Catchment Area: Geographic area (a physical, ever changing boundary) from which participants/contributors or are drawn. The requirement changes with the definition of the catchment area.
- AKA: Trade Areas, Market Areas, Tributary Areas
Catchment areas can overlap and constantly be redefined. Any given parcel of land may be simultaneously located within multiple catchments, and each catchment a different type of activity. The boundaries may be distinct and regulate certain things (like school attendance) or indistinct. Catchment areas are also dependent upon one another. Catchment areas change as a consequence of their interaction with each other, and therefore can easily change in size. Outside things such as technology are also factors that influence catchment sizes and areas.
- Example: An increase in a business catchment area by job growth by an expanding factory, may also increase the residential catchment it pulls from and also increase the shopping center catchment as more people have disposable incomes and are willing to travel for shopping.
- Example: If a new traffic artery or rail line were opened up and are convenient to the Factory (pretend a station is at the factory for this), the catchment zone could increase for potential employees, especially along this new artery/line.
Local, Regional, National
A catchment can be local, regional, or national and it can be all of these simultaneously. Catchment areas can also vary greatly by the date or event that is being studied.
- Example: Las Vegas tourists come from all over the United States to gamble, whereas the casinos have workers from all over the local area and its outskirts. Also, imagine if there is a fight night or special event at the casino. This could increase the catchment to be multiple continents.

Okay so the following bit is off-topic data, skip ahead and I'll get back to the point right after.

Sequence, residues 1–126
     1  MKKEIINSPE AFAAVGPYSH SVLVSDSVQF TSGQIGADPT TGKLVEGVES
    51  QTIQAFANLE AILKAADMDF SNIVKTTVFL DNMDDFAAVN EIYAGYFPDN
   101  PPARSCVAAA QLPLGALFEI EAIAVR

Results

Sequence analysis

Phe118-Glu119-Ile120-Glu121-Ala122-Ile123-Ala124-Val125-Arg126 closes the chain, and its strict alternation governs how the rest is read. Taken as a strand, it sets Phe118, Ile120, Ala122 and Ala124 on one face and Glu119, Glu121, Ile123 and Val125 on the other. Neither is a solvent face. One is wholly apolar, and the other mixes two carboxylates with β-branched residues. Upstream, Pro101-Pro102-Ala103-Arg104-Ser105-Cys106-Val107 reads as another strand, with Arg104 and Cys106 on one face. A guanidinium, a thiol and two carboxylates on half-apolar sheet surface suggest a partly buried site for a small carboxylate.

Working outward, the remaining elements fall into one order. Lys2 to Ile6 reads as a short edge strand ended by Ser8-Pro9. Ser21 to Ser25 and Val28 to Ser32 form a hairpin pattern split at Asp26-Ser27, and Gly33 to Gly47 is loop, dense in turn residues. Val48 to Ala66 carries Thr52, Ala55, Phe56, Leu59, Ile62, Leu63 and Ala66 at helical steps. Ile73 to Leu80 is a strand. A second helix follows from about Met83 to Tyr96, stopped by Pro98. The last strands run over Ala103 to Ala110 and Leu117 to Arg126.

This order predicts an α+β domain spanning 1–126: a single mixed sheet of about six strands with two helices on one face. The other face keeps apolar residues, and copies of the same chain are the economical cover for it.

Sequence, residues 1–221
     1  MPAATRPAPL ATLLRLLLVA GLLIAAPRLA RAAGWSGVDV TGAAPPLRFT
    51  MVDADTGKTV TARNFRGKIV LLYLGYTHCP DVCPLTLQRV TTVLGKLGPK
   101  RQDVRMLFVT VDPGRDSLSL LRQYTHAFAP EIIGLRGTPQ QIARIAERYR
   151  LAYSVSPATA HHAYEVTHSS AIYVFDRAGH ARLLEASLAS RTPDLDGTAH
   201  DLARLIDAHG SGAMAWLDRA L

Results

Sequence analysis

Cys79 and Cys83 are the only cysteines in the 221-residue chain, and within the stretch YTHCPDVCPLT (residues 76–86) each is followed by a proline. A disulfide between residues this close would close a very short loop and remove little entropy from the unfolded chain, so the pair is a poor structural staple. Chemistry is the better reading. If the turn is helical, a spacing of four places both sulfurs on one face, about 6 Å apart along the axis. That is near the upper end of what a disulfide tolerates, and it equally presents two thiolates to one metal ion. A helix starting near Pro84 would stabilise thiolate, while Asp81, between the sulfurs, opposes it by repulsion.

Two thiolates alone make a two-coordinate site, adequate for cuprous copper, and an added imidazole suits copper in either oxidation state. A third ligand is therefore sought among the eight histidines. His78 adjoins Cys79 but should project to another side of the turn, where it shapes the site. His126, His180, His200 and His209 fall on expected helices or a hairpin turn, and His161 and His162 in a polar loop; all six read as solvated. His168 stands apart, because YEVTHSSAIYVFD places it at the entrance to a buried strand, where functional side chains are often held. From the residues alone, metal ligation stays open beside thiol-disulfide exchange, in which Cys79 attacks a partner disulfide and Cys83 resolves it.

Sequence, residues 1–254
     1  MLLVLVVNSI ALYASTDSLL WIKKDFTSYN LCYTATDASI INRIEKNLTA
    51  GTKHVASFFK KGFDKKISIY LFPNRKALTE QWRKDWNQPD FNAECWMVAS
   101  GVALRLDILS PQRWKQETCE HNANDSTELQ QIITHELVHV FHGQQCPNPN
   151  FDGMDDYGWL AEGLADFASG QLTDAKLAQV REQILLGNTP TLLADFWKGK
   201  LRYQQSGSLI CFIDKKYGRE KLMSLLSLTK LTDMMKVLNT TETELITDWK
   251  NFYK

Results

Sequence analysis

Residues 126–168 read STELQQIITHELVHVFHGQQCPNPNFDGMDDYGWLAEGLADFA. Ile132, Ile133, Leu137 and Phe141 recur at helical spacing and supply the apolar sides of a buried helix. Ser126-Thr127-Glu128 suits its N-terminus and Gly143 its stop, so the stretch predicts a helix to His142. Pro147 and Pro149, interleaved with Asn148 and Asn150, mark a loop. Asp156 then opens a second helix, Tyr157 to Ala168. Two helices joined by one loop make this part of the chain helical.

Zoning ordinances help define and keep catchment areas by specifying what types of businesses and development is permitted on what land.
Residential catchments are typically determined by local transportation systems, such as highway, railway, etc. These determine the catchment area by time, rather than mileage. However, it’s worth noting that culture plays a role in determining what is an appropriate amount of time to travel to/from places, as well as other socioeconomic factors.
- Example: For most people, a half hour commute to work is acceptable, however, many people live much further away. And some people won’t live further than 5 minutes away.
Example Catchment Diagram
|A||Preschool catchment, completely contained within the shopping center catchment|
|B||Shopping Center catchment|
|C||Shopping center and factory catchment area of overlap|